The Turning Point After Pearl Harbor: The Battle of Midway
May 5, 2017
On December 7th, 1941, an aerial force of the Imperial Japanese Navy entered American airspace and commenced one of the worst attacks ever felt on American soil. The Territory of Hawaii came under fire as Japanese bombers and fighter planes fired off a relentless barrage, devastating the US Pacific Fleet. Over 2,400 Americans died during the assault on Pearl Harbor, and the Navy struggled to remain a viable power in the Pacific.
No matter how hard any Allied navy tried to push against Japan, they were always met with a persistent and powerful resistance. There was little reason to think that Japan wouldn’t be able to control the Pacific, especially as the United States still struggled to recover from the Pearl Harbor attack.
Then came June of 1942, six months after the fires burned at Pearl Harbor. It became known as the turning point of the war in the Pacific and proved that little, not even the assault on Pearl Harbor, would hold back the United States of America.
The Battle of Midway
Realizing that the American forces still had some strength left in the Pacific, Japan sought to eradicate what was left with one final blow. Its eyes were set on the Midway Atoll where its naval forces would lure the American aircraft carriers to be destroyed once and for all. Should they be able to take Midway, Japan would be in prime position to press forward to Samoa, Hawaii, and Fiji and expand its Greater East Asia Co-Prosperity Sphere.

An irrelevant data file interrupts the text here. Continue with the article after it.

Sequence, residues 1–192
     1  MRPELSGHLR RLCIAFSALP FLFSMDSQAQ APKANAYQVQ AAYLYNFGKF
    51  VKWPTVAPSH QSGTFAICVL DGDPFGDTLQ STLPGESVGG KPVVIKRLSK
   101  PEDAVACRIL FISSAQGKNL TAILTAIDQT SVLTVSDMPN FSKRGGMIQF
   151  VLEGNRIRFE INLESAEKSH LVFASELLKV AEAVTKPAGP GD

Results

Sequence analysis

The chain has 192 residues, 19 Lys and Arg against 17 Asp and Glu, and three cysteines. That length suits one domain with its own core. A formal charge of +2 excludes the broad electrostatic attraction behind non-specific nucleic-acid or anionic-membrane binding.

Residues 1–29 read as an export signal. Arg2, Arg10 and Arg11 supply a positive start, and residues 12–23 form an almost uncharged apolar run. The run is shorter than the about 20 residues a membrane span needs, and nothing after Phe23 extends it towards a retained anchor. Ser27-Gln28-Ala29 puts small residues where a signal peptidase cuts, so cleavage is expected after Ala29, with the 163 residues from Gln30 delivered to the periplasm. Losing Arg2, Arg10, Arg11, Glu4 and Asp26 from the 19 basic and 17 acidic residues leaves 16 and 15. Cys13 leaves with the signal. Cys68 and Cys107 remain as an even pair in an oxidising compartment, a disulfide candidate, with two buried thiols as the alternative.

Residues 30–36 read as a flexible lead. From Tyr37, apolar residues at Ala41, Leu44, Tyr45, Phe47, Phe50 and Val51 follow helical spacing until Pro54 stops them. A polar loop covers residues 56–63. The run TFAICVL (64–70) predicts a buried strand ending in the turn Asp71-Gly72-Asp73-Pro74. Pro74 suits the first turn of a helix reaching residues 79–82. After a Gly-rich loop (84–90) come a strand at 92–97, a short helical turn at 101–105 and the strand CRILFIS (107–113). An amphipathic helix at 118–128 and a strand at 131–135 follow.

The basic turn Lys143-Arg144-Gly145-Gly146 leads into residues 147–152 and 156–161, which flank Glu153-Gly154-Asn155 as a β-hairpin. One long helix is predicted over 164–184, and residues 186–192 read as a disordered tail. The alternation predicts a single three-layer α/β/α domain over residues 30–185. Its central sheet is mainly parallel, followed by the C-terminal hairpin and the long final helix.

Unlike at Pearl Harbor, the United States wasn’t entirely in the dark about the Imperial Navy’s plans for Midway. Cryptographers deciphered Japanese code to reveal the plans for the attack, giving the US Navy the upper hand and allowing it the time to organize its own ambush. Unaware of the American intelligence, Japan prepared its attack and brought along four of its six aircraft carriers. Maybe a little overzealous and still recovering from losses incurred at the Battle of the Coral Sea, Japan’s navy was far from prepared for what it was about to enter into.
On June 4th, 1942, at 0755—the same time the attack on Pearl Harbor commenced—the United States officially started its attack on the Japanese fleet as it came in towards Midway. Sixteen dive bombers opened the attack. Over the course of that day and the next, both sides suffered losses, and though the USS Yorktown aircraft carrier was the first major vessel to start to sink during the attack, Japan’s Soryu, Kaga, Akagi¸and Hiryu aircraft carriers were all sunk within 24 hours.
At the close of the battle, the Japanese had lost four of their carriers and a heavy cruiser, and though they keep trying, it seemed impossible to fully recoup, finding their resources to be diminished greatly.